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Protesting Priest Guilty, Free, Defiant
In the end, a jury had no choice but to convict.
The Rev. Carl Kabat, 76, was photographed at the N-8 missile silo in northeast Weld County. Two-foot bolt cutters were found on the ground. There was a hole in the fence surrounding the facility, and he was waiting inside for his eventual arrest.
Kabat had breached nuclear missile facilities like these for the past two decades, and had 17 convictions behind him in his quest to do his small part to rid the earth of nuclear weapons, which the Catholic Church has deemed a crime against humanity.
But the members of the jury had to look beyond the message. After one hour of deliberations, they convicted him of the two misdemeanor criminal mischief and trespassing charges.
“We understand what he was standing for,” said jury member Ben Salgado, 56, of Windsor, after the verdict. “We just wish he would have chosen a different forum.”
As the jury was dismissed, Kabat applauded them, some walking out with tears in their eyes. One said as she left the courthouse: “It was very emotional.”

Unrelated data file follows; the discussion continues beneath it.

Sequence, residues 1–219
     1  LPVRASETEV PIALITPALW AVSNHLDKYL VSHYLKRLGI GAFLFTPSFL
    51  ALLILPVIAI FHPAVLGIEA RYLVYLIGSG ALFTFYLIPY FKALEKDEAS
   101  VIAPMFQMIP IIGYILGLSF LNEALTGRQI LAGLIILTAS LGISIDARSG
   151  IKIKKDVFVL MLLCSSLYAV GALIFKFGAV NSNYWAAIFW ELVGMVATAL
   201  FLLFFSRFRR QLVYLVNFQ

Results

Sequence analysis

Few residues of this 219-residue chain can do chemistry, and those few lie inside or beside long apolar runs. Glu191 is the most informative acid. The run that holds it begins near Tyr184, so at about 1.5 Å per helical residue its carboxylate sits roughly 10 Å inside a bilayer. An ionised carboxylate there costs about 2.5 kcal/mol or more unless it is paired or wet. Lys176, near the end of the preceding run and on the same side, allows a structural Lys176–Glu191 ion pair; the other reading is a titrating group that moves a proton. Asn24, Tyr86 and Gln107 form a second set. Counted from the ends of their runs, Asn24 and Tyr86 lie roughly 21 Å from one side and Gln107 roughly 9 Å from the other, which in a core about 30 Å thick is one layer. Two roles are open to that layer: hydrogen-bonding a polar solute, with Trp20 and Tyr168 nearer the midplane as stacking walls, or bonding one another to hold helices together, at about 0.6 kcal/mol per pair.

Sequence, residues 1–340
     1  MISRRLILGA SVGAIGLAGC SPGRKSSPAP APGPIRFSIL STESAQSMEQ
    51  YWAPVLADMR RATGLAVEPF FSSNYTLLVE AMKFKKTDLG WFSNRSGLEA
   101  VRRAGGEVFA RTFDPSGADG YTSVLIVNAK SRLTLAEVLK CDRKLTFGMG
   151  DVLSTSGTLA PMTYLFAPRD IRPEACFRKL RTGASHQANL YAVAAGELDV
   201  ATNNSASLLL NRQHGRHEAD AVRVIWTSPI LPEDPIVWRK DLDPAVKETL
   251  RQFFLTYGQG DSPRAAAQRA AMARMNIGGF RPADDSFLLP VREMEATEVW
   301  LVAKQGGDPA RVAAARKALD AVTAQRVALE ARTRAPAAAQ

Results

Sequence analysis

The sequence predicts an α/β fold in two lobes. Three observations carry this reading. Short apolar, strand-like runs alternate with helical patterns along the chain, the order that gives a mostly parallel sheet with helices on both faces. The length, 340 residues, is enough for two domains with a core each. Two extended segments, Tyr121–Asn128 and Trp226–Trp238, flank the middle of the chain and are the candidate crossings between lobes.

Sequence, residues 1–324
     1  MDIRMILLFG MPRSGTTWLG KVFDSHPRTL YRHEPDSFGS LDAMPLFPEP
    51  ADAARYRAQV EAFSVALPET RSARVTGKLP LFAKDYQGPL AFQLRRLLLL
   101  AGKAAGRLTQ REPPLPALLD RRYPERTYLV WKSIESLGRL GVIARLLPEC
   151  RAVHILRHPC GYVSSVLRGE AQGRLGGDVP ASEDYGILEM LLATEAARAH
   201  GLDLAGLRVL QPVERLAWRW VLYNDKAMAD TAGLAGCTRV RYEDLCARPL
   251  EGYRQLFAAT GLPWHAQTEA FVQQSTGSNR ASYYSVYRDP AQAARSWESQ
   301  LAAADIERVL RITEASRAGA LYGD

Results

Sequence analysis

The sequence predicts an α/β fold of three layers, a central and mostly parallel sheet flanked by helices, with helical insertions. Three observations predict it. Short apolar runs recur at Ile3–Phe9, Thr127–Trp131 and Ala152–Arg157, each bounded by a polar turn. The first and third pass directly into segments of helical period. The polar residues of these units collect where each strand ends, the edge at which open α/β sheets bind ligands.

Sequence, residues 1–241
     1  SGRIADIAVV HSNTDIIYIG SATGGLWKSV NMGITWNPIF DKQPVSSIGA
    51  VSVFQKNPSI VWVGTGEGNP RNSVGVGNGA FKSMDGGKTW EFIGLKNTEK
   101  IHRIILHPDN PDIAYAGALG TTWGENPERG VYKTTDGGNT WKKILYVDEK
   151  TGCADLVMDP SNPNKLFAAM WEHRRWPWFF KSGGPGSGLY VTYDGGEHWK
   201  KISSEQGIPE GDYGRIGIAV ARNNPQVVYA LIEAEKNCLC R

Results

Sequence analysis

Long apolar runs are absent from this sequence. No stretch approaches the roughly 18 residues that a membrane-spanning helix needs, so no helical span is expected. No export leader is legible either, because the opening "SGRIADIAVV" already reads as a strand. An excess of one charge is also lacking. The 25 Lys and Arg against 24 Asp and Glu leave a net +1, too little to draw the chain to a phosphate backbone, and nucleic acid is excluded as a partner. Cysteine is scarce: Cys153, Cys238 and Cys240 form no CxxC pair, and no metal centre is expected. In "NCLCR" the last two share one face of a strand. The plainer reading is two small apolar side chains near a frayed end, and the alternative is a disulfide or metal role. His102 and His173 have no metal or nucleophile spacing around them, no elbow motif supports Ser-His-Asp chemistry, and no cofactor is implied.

The St. Louis priest was immediately sentenced to the time he'd already served behind bars — 137 days — though deputy district attorney David Skarka asked for the maximum of one year for each of the misdemeanors to be served back to back. The county already had shelled out roughly $7,950 to keep him in jail for almost five months, based on a cost of about $58 per day per inmate. Had he been sentenced to Skarka's request, the county would have paid $26,000 more to keep him for a remaining 456 days. Read more.